In the last 70 years, the "third world" or "global south" has been bombarded with "development theories" and international development agencies to put these countries through a "Western route to development." However, they have failed to bring positive changes in the lives of the target populations.1,17 In CHI and ICT4D fields, a decade ago, postcolonial computing was introduced19 to examine and address the lack of cross-cultural sensitivity in the design "for the developing world." However, post-colonial theories have been chastised for failing to include marginalized viewpoints and are considered "Eurocentric critiques of Eurocentrism."1 To break the "colonized mind-set," Schultz suggests embracing plurality in design and development by including the marginalized perspectives (that is, marginalized immigrants, indigenous communities and the global-south populations).25 Therefore, the decolonial perspective in ICT4D strongly echoed notions of pluriversal design,10,22 creating a multiplicity of voices and valuing local knowledge and inclusive participation. Western governments fund ICT4D research26,28 and Western academics are heavily represented and among the most active participants in generating useful knowledge in ICT4D. Academic conferences and literature are widely expected to produce networking and knowledge exchange between academics, policymakers and industry players. However, there is only piecemeal evidence of ICT4D research informing policymaking and practices despite the presence of very loud voices and research pieces of evidence. The ICT4D researchers failed to understand the non-academic audiences' state of mind. One explanation for this failure is the cognitive bias, which the psychologist Steven Pinker has termed as "the curse of knowledge." Here, I provide two recommendations to maximize the value of ICT4D research. First, ICT4D researchers can curb the curse of knowledge by developing four critical skills:

  • Being able to understand the political process and identify key stakeholders;
  • Being able to synthesize research findings with simple, compelling stories;
  • Being a good networker; and
  • Being able to connect and align all these factors in an institutional setup.

Second, the objectives of ICT4D conferences should include deliberate retrospection of the learning experiences, critical analysis of the existing development practices, and shaping the post-research development agenda to demonstrate the practical benefit of the ICT4D research.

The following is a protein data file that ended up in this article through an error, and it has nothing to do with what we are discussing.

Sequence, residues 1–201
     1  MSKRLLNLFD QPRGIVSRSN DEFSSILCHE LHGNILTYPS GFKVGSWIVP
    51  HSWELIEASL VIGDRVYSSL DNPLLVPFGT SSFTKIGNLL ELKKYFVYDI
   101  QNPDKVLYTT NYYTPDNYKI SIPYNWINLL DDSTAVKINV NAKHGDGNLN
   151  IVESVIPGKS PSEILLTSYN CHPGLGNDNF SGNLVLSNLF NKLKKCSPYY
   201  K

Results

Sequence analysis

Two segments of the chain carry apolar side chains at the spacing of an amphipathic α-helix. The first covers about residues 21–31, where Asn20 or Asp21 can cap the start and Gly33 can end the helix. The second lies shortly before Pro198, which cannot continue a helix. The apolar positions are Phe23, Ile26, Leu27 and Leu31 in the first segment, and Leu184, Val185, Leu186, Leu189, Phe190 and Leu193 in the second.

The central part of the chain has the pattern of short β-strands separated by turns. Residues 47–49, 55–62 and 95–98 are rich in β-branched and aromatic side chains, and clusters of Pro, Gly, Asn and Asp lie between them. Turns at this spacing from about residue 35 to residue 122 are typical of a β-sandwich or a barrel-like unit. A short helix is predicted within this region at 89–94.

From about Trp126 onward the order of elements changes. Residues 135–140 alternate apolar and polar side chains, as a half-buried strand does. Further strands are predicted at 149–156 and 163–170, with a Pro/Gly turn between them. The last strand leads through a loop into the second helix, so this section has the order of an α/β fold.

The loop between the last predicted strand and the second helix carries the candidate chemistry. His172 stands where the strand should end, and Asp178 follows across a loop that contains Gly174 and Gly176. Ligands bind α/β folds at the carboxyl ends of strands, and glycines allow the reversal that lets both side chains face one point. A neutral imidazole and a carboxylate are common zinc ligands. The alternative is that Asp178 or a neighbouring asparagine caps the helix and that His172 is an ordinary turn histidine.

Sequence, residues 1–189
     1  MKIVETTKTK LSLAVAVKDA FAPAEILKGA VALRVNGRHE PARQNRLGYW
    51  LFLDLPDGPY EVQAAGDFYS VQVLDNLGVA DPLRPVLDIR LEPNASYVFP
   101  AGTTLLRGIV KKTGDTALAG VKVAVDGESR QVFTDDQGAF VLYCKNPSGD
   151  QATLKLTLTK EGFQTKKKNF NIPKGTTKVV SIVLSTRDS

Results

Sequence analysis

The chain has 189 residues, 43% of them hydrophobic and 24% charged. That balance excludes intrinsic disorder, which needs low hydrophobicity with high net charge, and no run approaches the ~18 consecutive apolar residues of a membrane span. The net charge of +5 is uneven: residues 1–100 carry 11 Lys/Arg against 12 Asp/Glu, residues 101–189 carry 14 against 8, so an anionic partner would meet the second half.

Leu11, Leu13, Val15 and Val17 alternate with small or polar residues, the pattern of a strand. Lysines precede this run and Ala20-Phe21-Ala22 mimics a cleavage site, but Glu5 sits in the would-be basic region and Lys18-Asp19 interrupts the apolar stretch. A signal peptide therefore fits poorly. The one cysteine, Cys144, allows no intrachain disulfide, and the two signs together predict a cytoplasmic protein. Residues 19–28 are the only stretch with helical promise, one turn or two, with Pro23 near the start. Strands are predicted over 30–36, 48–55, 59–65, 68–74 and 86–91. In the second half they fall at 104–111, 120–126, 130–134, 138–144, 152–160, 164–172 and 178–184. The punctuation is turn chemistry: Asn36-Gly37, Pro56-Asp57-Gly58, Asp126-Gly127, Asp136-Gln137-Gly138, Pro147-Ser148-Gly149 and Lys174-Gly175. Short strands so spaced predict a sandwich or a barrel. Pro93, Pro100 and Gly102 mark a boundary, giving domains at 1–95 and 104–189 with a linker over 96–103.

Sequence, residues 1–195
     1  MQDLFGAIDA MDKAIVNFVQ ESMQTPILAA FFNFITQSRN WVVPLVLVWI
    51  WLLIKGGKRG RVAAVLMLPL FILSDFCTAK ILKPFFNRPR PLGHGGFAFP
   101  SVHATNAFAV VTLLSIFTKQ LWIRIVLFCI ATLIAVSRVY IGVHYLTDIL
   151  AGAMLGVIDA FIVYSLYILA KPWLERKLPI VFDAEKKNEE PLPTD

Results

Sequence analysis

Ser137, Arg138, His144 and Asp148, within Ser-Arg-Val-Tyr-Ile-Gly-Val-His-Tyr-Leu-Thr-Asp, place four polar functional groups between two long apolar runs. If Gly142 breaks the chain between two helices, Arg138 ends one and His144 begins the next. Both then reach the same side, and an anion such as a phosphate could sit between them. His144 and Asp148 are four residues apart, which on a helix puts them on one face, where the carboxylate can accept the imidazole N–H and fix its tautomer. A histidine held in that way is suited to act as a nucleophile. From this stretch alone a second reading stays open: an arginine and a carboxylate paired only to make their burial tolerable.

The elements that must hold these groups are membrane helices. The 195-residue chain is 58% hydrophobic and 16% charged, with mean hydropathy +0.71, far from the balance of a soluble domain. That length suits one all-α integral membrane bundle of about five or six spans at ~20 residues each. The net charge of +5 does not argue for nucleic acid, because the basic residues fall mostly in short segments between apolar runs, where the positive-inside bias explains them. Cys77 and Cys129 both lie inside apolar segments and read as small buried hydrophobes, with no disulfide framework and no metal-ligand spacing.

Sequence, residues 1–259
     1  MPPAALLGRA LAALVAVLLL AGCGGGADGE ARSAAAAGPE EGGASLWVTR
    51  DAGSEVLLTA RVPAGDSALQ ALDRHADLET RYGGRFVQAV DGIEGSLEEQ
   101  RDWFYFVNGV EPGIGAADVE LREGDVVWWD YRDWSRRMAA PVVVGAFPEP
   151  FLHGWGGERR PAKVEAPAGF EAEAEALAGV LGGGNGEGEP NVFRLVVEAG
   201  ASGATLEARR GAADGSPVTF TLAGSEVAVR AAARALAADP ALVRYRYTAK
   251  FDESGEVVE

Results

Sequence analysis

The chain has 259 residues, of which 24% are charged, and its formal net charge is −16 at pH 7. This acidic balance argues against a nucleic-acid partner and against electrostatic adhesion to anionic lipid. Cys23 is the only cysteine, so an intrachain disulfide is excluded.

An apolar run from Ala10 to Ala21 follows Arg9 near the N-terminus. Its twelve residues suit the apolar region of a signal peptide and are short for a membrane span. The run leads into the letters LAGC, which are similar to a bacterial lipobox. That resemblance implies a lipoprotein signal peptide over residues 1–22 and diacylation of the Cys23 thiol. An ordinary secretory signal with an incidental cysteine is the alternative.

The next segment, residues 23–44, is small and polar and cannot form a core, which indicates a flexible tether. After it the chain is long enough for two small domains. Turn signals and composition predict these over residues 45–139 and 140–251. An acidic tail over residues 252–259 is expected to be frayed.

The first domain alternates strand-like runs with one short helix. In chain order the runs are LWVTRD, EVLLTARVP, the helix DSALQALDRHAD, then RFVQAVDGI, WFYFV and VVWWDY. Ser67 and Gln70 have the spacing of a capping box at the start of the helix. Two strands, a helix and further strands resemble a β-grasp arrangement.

The decolonial perspective in ICT4D strongly echoed notions of pluriversal design, creating a multiplicity of voices and valuing local knowledge and inclusive participation.

The case of the defeat in Afghanistan is the most recent example of not listening to the experiences of the research community and learning from past mistakes. It again reminds me of Billy Hill's: "I tried and I tried and I tried and I tried/But they just can't understand/Poor God, people/When will they ever learn?"

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3. Behuria, A. US-Taliban talks for Afghan peace: Complexities galore. Strategic Analysis 43, 2 (2019), 126–137.

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9. Dreessen, K. et al. Toward reciprocity in participatory design processes. In Proceedings of the 16th Participatory Design Conference 2020-Participation (s) Otherwise-Volume 2 (June 2020), 154–158.

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14. Gibbons-Neff, T. and Schmitt, E. Multi-sided Civil War could grip Afghanistan, U.S. general warns. The New York Times. (2021);

15. Gunnstam, C. and Nordqvist, C.J. A Study of the Sustainability of ICT-Projects in Developing Countries. (2019);

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Tariq Zaman ( is an associate professor in the School of Computing and Creative Media, and Head of the Advanced Centre for Sustainable Socio-Economic and Technological Development (ASSET) University of Technology Sarawak (UTS) Jalan Universiti, Sarawak, Malaysia.

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I am thankful to Claudia Canales Holzeis, Heike Winschiers-Theophilus and Khairuddin Hamid for their helpful comments.